Pro & Cons of Child Labor Law

by Russ Buchanan; Updated September 26, 2017
Child labor laws, such as the Child Labor Deterrence Act can have unintended consequences

The world’s child labor laws protect children from exploitation, free them from harsh and underpaid daily routines and give them the opportunity to go to school. Generally, western nations consider child labor to be morally wrong and restrict the practice by law. However, some anti-child labor laws fail to protect certain workers, while others may produce unintended consequences. (Ref. 1)

Child Labor and UNICEF

According to UNICEF, there are approximately 158 million children between the ages of 5 and 14 working today, representing one in six of the world’s children. Many of those children work dangerous jobs, including in mines and with hazardous chemicals and machinery. Many work under sweatshop conditions, many more work as domestic servants. As the main world body working against exploitative child labor, UNICEF encourages world governments to adopt legislation that will ensure the protection of children’s rights, including United Nations protections against financial exploitation and the right to an education.

Child Labor Deterrence Act

According to UNICEF, America’s Child Labor Deterrence Act, which prohibits the importation of goods manufactured by child labor, caused 50,000 children to lose their jobs in the Bangladesh garment industry alone. Many of these children, whose wages were depended upnon by their families, were forced to find jobs in non-importing industries that were far more exploitive than their previous jobs in the garment trade. Many turned to stone crushing, street hustling and prostitution to help their families survive. (Ref. 1)

Child Labor Laws in America

In 1900, conservative estimates had at least 18 percent of America’s children aged 10 to 15 working full time. Anti-child labor laws in the early 20th century were either struck down as unconstitutional or prevented by industry groups. Not until the Fair Labor Standards Act was passed in 1938, prohibiting child labor in manufacturing and mining, did child labor legislation begin to have an effect. States responded by enacting laws that established mandatory schooling hours for young people, and in 1949, Congress extended child labor prohibition to the transportation, communications, public utilities and commercial agriculture industries, as well. Since then, child labor in America has declined dramatically, and though violations of the laws still occur, the idea that children should not be full-time employees is cemented in the American consciousness.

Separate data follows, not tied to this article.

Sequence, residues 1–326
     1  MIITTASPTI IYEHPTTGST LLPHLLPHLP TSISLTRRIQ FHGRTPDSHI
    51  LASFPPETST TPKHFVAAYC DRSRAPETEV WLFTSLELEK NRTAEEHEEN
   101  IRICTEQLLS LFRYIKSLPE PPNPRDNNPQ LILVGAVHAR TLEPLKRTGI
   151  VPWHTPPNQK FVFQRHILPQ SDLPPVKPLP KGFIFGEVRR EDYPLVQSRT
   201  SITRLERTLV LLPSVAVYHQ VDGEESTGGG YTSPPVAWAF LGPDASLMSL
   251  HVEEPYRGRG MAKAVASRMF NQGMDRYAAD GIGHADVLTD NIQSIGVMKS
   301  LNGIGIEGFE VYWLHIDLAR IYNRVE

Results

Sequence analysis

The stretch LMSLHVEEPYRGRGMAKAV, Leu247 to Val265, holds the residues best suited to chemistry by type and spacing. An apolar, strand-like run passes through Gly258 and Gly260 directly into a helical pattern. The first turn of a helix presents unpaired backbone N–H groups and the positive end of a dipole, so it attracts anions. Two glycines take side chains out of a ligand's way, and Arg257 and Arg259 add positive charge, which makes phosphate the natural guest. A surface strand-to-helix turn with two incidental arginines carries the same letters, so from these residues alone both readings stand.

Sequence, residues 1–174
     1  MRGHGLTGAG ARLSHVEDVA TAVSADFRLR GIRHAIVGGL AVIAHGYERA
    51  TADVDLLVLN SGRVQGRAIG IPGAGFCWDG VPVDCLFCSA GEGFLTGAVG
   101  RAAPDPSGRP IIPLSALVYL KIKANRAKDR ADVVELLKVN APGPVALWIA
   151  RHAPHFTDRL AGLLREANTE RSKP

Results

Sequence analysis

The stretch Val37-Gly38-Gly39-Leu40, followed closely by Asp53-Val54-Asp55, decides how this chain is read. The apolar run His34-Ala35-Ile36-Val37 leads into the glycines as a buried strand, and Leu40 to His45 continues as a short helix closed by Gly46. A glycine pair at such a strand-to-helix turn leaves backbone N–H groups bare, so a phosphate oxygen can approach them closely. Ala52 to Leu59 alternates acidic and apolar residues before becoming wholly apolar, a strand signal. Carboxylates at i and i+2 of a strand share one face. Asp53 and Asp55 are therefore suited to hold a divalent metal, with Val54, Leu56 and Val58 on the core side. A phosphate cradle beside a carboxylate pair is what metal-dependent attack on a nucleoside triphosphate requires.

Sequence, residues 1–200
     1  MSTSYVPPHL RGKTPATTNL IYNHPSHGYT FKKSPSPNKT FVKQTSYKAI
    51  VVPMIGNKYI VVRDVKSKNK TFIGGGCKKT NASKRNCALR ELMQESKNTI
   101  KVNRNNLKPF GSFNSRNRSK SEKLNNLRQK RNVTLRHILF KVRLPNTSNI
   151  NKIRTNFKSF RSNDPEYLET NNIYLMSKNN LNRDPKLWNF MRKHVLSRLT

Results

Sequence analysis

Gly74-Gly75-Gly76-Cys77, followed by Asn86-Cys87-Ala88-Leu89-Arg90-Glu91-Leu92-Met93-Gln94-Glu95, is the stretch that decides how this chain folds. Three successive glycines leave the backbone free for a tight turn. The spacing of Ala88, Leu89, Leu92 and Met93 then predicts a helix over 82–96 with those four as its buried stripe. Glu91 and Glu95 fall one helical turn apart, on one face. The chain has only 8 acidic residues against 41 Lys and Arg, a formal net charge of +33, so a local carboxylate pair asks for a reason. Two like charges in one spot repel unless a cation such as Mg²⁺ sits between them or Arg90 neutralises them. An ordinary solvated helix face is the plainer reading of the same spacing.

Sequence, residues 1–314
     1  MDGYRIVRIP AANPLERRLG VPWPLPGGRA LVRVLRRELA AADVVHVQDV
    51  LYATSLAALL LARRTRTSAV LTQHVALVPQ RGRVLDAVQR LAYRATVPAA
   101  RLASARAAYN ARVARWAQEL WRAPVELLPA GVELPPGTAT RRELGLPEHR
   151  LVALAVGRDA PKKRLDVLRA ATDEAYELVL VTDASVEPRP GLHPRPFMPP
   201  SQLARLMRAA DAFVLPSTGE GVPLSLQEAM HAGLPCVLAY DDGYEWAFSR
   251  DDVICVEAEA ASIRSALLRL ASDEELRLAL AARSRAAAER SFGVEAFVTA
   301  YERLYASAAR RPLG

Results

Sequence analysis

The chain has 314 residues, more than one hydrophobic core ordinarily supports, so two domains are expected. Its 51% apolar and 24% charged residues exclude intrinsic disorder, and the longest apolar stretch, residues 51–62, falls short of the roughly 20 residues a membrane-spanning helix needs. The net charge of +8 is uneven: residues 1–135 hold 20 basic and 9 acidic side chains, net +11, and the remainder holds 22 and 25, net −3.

Current Law and Underage Farm Laborers

According to a Human Rights Watch report, current law does not cover the hundreds of thousands of children who labor in America’s agricultural industry. As a result, these children work longer hours and are exposed to more risks than children who work in other industries. A bill before Congress, The Children’s Act for Responsible Employment (CARE) Act, would amend existing law to provide protections for underage agricultural workers that children employed in other industries have. For example, current law allows child agricultural workers 14 years of age and older to work unlimited hours, provided it does not conflict with schooling, but the law prevents workers in other industries from working more than three hours on a school day.

About the Author

A Los Angeles native, Russ Buchanan has been writing and editing for such disparate publications as “Midnight Graffiti Magazine” and “Op/Ed News.” He has been writing professionally since 1990. He attended Pierce College and California State University, Northridge.

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